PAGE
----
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Who is responsible for the service work that must be done? (Photo: Martina Holmberg/TT)

Unpaid work stealing research time

Published Mar 06, 2020

Who manages “academic housekeeping work” – tasks that have to be done, but you do not get credits for? These tasks are usually done by women, even though this affects their career.

For an institution or a research group to work, you need individuals who take care of the common tasks – such as arranging the Christmas party, resolving conflicts, stay on top of a series of seminars or taking over when a teacher calls in sick.

These are the kind of things, taking responsibility, small tasks that keep the workplace ticking over and that can be summarised as academic housekeeping work. According to US research  this workload is not evenly spread – female researchers take greater responsibility for it.

The survey reveals that it is 50 percent more likely for a woman to offer to do a service task. Women are also asked to a greater extent and are more likely to say yes when asked.

According to time studies at American universities, female researchers report far more service work, particularly internal work that does not affect their performance evaluation, that leaves them less time for research.

Mats Wilhelmsson.

As yet, no such study has been performed at Swedish universities, but Mats Wilhelmsson , Deputy Head of School at the KTH School of Architecture and the Built Environment is about to investigate how the land lies there.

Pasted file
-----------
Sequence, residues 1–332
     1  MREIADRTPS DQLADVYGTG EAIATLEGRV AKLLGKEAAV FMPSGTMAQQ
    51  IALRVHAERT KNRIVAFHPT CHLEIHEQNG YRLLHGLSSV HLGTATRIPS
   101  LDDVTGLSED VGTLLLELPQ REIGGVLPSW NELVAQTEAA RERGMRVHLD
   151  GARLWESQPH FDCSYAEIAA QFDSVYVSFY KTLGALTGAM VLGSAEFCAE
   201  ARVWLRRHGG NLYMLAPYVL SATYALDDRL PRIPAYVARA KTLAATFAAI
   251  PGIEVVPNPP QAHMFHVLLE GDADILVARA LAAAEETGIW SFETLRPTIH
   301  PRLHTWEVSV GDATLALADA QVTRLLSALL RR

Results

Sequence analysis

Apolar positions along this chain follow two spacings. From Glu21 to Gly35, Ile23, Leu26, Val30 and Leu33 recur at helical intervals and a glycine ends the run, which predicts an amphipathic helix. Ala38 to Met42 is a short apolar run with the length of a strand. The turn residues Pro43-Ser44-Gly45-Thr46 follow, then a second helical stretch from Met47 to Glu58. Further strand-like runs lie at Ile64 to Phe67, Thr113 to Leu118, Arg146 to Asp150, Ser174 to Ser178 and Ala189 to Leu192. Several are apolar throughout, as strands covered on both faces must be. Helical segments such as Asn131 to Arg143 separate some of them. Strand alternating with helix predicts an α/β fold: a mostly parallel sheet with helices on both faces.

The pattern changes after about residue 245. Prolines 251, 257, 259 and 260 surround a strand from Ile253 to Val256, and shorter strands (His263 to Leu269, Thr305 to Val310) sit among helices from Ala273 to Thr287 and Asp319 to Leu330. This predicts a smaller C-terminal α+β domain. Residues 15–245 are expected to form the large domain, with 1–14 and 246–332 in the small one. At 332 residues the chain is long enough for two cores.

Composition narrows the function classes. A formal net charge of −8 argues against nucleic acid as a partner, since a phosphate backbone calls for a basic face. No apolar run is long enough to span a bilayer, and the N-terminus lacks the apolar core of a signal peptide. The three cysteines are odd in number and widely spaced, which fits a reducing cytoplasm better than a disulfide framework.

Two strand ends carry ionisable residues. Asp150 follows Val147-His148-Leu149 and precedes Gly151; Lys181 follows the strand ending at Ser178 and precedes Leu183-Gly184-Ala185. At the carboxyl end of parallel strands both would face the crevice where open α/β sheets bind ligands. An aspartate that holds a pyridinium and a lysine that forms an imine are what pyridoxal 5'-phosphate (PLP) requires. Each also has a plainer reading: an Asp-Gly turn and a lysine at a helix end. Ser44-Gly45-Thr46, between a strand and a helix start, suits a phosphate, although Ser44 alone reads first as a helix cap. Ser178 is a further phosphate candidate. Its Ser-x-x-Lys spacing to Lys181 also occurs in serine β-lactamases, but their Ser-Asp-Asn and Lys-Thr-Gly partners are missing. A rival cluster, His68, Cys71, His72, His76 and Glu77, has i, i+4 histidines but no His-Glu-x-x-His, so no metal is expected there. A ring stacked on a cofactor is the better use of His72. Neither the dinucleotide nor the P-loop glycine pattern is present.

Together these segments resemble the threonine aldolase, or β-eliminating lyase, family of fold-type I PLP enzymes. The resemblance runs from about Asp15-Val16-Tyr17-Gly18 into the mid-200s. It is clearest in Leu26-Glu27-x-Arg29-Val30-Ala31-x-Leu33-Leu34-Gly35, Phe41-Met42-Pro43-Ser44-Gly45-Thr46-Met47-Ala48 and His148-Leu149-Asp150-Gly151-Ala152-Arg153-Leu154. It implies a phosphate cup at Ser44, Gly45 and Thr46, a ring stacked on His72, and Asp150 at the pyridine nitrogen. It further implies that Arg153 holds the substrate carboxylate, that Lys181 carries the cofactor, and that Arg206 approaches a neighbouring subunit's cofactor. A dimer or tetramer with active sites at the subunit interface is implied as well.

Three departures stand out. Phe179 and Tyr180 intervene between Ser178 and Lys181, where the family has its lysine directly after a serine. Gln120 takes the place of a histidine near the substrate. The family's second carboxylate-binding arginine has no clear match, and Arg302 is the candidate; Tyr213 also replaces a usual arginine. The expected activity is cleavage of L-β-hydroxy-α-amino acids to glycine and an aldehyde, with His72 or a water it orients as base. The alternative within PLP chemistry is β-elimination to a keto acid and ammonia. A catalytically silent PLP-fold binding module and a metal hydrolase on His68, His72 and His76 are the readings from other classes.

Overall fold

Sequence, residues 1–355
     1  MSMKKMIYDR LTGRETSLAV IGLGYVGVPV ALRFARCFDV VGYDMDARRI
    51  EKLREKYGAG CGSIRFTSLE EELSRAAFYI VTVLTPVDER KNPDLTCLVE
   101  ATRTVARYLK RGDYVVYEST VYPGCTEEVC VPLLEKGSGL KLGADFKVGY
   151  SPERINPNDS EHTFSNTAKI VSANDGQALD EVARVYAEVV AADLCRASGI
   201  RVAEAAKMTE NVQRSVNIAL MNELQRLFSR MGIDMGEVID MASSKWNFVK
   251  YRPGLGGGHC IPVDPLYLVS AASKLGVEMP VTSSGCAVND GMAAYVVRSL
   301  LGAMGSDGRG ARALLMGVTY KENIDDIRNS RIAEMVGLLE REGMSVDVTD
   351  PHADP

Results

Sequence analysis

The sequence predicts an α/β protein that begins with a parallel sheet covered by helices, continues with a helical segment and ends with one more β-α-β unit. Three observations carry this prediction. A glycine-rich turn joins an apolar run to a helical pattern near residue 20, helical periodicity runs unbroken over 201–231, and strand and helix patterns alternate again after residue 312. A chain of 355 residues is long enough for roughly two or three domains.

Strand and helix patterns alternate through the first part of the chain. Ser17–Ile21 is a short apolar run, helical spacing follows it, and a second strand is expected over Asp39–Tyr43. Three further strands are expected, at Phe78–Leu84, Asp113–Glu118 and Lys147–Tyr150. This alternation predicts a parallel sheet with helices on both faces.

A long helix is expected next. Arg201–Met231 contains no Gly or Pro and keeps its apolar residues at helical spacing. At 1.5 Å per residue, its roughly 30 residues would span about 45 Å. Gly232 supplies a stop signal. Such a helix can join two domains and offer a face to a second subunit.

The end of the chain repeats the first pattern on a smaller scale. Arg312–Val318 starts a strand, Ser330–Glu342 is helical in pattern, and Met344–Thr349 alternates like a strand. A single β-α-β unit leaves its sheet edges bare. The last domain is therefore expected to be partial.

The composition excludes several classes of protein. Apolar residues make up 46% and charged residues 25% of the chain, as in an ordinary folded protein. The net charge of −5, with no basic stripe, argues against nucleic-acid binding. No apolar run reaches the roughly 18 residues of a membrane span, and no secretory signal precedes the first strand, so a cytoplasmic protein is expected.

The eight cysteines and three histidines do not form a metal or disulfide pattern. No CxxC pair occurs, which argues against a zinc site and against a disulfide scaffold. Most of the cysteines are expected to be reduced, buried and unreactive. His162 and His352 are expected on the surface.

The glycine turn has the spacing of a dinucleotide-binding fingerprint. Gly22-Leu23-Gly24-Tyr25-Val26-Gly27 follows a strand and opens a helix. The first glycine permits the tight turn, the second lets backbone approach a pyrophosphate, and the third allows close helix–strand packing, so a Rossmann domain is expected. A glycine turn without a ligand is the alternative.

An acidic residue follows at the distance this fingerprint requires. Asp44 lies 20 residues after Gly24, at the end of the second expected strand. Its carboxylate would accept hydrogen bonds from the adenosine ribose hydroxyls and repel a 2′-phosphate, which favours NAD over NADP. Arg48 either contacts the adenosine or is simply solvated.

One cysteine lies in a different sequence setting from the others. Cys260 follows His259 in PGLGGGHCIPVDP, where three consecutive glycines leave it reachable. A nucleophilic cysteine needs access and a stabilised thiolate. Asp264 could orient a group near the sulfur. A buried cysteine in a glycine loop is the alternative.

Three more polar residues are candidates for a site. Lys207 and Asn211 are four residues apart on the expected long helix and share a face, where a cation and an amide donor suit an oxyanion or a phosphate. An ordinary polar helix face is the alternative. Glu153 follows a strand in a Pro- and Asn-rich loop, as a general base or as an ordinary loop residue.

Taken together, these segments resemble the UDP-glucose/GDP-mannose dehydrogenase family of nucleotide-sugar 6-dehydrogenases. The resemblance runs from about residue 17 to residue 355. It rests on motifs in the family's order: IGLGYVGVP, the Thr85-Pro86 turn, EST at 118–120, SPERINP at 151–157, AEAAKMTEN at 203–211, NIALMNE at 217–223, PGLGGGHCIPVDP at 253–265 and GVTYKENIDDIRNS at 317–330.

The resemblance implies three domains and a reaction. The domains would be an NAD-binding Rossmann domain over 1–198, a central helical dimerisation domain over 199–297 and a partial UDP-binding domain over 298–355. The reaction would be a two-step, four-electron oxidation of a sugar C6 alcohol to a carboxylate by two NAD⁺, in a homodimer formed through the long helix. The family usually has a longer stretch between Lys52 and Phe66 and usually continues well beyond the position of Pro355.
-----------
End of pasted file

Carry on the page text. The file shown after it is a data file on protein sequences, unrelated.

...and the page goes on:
“We’re talking about work tasks at a university department that need to be done, but that are often of low status and do not add to your evaluation. We need to ensure that this work is allocated on a gender equality and diversity perspective,” he says.

If there is a systematic distortion, that female researchers spend more time on “unpaid” service tasks, this infringes on their time for research and publishing, and has an associated adverse effect on their academic career, he says.

“Research careers look different, and take different paths for a variety of different reasons. One such reason can be that young researchers feel an obligation to say yes to work tasks that do not benefit their research career – and this can be a problem in the longer term.”

What is your perception – do women shoulder a bigger load?
“This probably varies from department to department. When it comes to a formal service – being responsible for a series of seminars and serving in work groups, I think many departments keep a close eye on the gender balance. But in the case of informal services, of a personal nature, social responsibilities, the balance is more uneven, perhaps. Women are more likely to be asked, and more likely to say yes. But I’m guessing here – that’s why we’re now going to do a proper survey to get a clearer picture.”

What are you looking to achieve?
“Ultimately, this can develop into a work environment issue that must be properly addressed. There can be a risk that good employees leave academia due to a lack of equality. If this proves to be a problem, we need to get it up on the table.”

Text: Christer Gummeson

  • The survey at the KTH School of Architecture and the Built Environment is going to be done via a questionnaire sent out to the 400 or so researchers, asking how they spend their time, including on formal and informal tasks when it comes to academic housekeeping work. The work is being led by Mats Wilhelmsson, Deputy Head of School and with responsibility for issues related to equality, diversity and equal treatment.
  • Academic housekeeping is a term to describe unseen work of a service nature, collegial support and administrative tasks of lower status. That academic housekeeping is unevenly gender balanced has been put forward as a possible explanation why, despite equal representation at lower levels, there are still fewer women higher up the academic hierarchy.
  • A Swedish summary of American research into academic housekeeping divides such work into three categories: tasks with low status, tasks done out of a sense of duty, plus caring work. Examples can be serving on an equality committee, being the person taking the meeting minutes or offering social support to a colleague.
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Last changed: Mar 06, 2020